From the Guardian to the Sydney Morning Herald, captain cool Mahender Singh Dhoni’s captaincy is being praised across the cricket playing world. His decision to promote himself up the order and bat under pressure, his captain’s innings 91 of 79 balls in the World Cup final against Sri Lanka in Mumbai have all come in for praise in the world media.
The Telegraph summed it up saying, ‘the prolific Tendulkar may be India’s national treasure, but Dhoni is their modern icon’.
The Sunday Times wrote, “India’s captain and his team take pressure in their stride on way to a famous triumph.”
Heaping praise on the Men in Blue, The Australian wrote: “It was about two great South Asian teams giving fans a thrilling, edge-of-the-seat One-day final and a deserved triumph for a cricketing nation which felt its time had come.”
Here’s what The New York Times had to say: “The six-wicket victory on Saturday in the World Cup final confirmed that India, incontestably, has become cricket’s dominant nation, on and off the field”.The Guardian said, “It seems inconceivable that anyone but India should have taken the trophy.”Even Pakistan media, grudgingly, had to give it to the Indians. The Dawn wrote, “India’s batting superiority in home conditions proved decisive. But more impressive was their ability to win the battle of nerves in Mohali and Mumbai. And it was their captain M.S. Dhoni, who epitomized that composure under duress. The World Cup be- longs to India but the victory belongs to Mr Dhoni.”Mahendra Singh Dhoni has got perhaps his biggest compliment: Sachin Tendulkar, the man everyone has been rushing to dedicate the World Cup victory to, has described Dhoni as the best captain he has ever had.”In all the years that I have been playing, Dhoni is the best captain I have played under,” Tendulkar said today. “I think he is a fabulous captain. He stayed calm, patient and at the same time very clever and alert.”
Management lessons from CEO Dhoni
What Mahendra Singh Dhoni as CEO of the Indian cricket team did to ensure the country won the World Cup will beetched as learnings for leaders across all walks of life. Captains of India Inc, leading business schools and HR leaders have taken note of Dhoni’s style of management.
Experimentation, innovative and risk- taking are some of the characteristics being attributed to him. So what really is Dhoni’s management style? “He sets stretch goals and works determinedly to achieve them by getting the best out of his team,” says Adi Godrej, chairman, Godrej Group, who has also taken on a new role as chairman of The Indian School of Business.
Dhoni is being described as ‘a true leader’ who did not hesitate to push him- self up the batting order in the final, when the team needed him the most. “He led the attack from the front and was not afraid to make this change. He knew well that had he failed, he would have been severely criticized but yet he fearlessly took up the challenge at a critical time in the Indian innings,” says Harsh Goenka, chairman, RPG Group.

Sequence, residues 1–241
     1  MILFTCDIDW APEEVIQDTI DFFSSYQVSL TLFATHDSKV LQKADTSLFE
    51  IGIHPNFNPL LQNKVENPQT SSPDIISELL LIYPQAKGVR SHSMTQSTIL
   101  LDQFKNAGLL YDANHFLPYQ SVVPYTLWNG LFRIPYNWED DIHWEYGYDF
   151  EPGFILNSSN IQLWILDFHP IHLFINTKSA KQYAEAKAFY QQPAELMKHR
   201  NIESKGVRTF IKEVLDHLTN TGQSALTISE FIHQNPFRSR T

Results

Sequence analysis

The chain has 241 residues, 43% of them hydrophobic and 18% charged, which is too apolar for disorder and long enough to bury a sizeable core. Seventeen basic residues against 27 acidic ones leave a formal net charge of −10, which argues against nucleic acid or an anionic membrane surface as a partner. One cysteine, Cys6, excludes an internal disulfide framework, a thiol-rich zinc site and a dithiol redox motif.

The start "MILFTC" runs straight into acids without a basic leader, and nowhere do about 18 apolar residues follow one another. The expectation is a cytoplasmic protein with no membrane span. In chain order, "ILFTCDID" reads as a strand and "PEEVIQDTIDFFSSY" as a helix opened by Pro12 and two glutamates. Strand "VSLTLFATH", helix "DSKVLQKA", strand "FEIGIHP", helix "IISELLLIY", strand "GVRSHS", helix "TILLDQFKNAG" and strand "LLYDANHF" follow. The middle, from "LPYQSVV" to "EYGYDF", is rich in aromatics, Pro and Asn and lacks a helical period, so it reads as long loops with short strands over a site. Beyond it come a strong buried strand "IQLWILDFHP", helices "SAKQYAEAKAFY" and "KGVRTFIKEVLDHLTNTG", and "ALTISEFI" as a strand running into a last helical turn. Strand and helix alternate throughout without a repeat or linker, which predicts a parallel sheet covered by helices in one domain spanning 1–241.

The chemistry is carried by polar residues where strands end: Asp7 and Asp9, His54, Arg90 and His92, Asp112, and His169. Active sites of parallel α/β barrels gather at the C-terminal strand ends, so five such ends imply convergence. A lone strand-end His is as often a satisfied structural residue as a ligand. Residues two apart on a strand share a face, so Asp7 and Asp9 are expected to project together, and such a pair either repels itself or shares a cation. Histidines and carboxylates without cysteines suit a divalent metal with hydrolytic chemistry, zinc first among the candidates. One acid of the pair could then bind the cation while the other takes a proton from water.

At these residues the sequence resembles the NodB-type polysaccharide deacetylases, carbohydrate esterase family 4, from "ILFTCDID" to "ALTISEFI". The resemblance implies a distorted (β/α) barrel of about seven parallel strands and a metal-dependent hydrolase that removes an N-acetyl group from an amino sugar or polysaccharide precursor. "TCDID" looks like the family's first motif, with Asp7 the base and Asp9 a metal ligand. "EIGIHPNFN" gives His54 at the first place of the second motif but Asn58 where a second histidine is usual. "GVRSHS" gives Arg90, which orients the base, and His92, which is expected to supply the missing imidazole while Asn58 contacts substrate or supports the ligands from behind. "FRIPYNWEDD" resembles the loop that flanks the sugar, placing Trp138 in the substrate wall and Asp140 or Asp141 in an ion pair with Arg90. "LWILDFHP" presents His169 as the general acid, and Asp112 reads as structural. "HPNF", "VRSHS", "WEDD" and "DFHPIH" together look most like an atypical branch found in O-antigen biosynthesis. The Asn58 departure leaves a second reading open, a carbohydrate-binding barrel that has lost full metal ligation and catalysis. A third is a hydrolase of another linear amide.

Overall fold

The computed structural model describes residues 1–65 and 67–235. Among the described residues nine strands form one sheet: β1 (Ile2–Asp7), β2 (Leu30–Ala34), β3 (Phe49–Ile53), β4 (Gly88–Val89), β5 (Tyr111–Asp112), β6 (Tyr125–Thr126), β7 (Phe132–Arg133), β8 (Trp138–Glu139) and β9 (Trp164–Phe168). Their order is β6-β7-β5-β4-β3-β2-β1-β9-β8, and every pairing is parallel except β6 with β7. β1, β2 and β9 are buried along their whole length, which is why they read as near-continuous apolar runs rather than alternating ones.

Santrupt Misra, HR head, Aditya Birla Group, on the other hand, lauded Dhoni for being experimentative that is innovative and, at the same time, prepared to face the consequences.
“He’s inclusive, but at the same time when the moment of truth comes, he doesn’t hesitate to take decisions.”
And what does one learn from Dhoni’s leadership skills? “Take measured risks and back your team to deliver,” said Gunit Chadha, CEO, Deutsche Bank India. “A leader should maintain his calm. He should know his business well and take appropriate decisions in changing con- texts,” said Misra.
One could see how these characteristics came to the fore when, in a crisis situation during the World Cup (India had lost two crucial wickets of Sachin Tendulkar and Virender Sehwag in the early overs), Dhoni kept his cool and led India to victory. “Dhoni has been consis- tent match after match. He has stuck his neck out and accepted his mistakes,” said Deepti Bhatnagar, faculty, Organisational Behaviour, IIM- Ahmedabad. What’s more, the captain succeeded in building a team where young people can come up with their opinions. “In a situation where a much younger player like Virat Kohli can give his opinion towards a senior player like Sachin without inhibitions itself speaks volumes about the team culture,” said Bhatnagar. Nehra’s comeback against Pakistan is another good example of how Dhoni’s faith in him paid off.
As co-authors Bill Conaty and Ram Charan have said in their book, ‘The Talent Masters – Why smart leaders put people before numbers’: “You can liberate your capacity and courage as a leader if you continually plumb the depth of your inner core. Only by doing this can you understand the role it plays in the changing complexities of your job.” Dhoni has proved to be a smart leader.
– OE News Bureau